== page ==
“careful what you wish for.”

  • David

    > Is Obama trying to make a point here?

    If so, it’s brilliant.

    David

  • http://www.otofog.net Alex Bowles

    +1 vote for Daniel being on the mark.

    Add to it the idea that we should abandon attempts at copyright ‘reform’ and simply limit the law to the area for which it was intended and designed: the reproduction and distribution of physical copies. Now that we all recognize the way that content and container can be separated, it’s time for the laws governing contents and containers to separate as well.

    The real point of contention here is the notion of ‘publisher’s rights’. These made limited sense when the mechanisms for publishing and distribution were capital intensive and privately owned. Without the limits imposed by copyright, publishers could never recoup their investments.

    But now that the mechanisms for publishing and distribution have merged into a single global platform with no single owner and widely distributed costs, the idea of asserting ‘publisher’s rights’ is a bit like ‘claiming’ a piece of Yosemite Valley on the basis that you are a member of the public to which it belongs.

    That’s not to say you have no rights at all. It simply means that we cannot accept impositions tied to the existence of private, mechanical platforms in areas where there’s nothing private or mechanical to begin with.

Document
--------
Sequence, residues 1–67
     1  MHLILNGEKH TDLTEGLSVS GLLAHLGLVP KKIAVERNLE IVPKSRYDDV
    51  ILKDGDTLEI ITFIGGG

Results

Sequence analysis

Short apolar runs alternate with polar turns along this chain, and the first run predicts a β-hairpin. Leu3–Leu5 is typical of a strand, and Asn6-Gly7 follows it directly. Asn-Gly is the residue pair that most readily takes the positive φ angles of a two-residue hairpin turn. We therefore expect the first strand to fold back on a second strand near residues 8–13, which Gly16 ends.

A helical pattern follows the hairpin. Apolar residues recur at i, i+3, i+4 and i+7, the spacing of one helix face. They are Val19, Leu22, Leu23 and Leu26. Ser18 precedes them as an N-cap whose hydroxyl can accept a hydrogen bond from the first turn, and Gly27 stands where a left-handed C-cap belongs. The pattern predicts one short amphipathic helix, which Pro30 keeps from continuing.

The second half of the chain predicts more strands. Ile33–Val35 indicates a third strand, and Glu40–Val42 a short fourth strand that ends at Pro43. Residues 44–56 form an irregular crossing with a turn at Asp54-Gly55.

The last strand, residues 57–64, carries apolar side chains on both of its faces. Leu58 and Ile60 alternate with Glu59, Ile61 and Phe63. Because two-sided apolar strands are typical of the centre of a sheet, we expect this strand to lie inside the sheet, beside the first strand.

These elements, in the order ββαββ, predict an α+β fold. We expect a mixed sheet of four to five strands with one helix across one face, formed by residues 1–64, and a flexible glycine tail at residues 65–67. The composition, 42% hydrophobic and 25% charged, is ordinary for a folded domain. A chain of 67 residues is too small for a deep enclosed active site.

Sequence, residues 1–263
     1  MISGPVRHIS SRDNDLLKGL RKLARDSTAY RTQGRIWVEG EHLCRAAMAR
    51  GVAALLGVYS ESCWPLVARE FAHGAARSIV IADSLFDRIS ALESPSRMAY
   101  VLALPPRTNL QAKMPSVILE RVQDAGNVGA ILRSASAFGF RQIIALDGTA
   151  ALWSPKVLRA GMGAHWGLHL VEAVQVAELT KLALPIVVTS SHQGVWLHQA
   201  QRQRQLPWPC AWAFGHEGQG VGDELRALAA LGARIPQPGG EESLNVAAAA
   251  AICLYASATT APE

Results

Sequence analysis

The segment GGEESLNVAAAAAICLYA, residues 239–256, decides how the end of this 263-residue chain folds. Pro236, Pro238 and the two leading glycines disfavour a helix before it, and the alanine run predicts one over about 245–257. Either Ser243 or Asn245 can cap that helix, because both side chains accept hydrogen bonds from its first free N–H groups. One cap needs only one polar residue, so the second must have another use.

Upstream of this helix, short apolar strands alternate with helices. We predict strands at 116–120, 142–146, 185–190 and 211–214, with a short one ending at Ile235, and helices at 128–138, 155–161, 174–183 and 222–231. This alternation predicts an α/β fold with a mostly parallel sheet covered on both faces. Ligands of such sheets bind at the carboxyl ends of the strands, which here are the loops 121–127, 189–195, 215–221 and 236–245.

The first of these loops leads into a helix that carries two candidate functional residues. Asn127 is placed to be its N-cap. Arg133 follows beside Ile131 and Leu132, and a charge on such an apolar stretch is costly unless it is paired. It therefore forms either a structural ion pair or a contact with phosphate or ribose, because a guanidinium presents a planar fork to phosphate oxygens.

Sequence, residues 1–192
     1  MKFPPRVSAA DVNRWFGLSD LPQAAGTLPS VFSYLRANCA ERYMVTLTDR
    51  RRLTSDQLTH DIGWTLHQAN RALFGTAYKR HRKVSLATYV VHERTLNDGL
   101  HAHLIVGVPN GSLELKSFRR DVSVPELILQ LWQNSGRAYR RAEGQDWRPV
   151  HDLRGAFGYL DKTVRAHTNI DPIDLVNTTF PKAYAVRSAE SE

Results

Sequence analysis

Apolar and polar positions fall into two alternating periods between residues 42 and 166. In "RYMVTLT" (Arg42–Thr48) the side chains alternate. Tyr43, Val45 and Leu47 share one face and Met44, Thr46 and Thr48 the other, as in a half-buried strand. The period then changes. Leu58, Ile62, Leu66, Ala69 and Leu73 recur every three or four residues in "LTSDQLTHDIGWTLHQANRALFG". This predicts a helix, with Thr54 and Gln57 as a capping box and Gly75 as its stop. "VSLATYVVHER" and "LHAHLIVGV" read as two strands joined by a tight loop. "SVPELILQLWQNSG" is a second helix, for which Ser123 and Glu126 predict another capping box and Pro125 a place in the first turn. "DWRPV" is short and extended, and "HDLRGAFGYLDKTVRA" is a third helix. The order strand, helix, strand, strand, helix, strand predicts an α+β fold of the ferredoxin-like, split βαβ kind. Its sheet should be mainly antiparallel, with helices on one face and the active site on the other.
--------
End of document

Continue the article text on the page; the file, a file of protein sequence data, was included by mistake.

• http://www.three-brothers.net Dan

    Let the guy send an ipod if he wants to sheesh.

  • Max

    Alex,

    Not sure I get the Yosemite analogy mainly because the public is compensated in exchange for the right to enter the park (access to the ‘content’ is protected by rangers at gates).

    Isn’t the impetus behind copyright law to provide incentive to the creator? I don’t see how publishers “recouping investment” has anything to do with the law. The content is worth what people will pay, unless they can get it for free. Distribution and publishing are not “merged” to the extent that content rights can be protected. Controlling the content container through distribution is obviously the issue. Tampering with copyright law (especially the first sale doctrine) is not the solution as this could easily dilute the incentive to create.

    We are witnessing an incredible shift in content distribution. There will be new winners and losers, and new ways to reward creators will evolve. The “distribution” problem will begin to take care of itself so be it with new players involved. For example, ipods are not hack-proof content containers. The itunes legalese attempts to address the risks associated with this point for Apple and their content partners, but so what. Their users have proven that people will pay for quality service combined with content even though they could pirate (itunes recently surpassed Walmart as the #1 music retailer). This is a great example of the channel evolving.

    So far I have not read a single argument for copyright reform that actually benefits the people (the majority). Perhaps the President is trying to tell us something!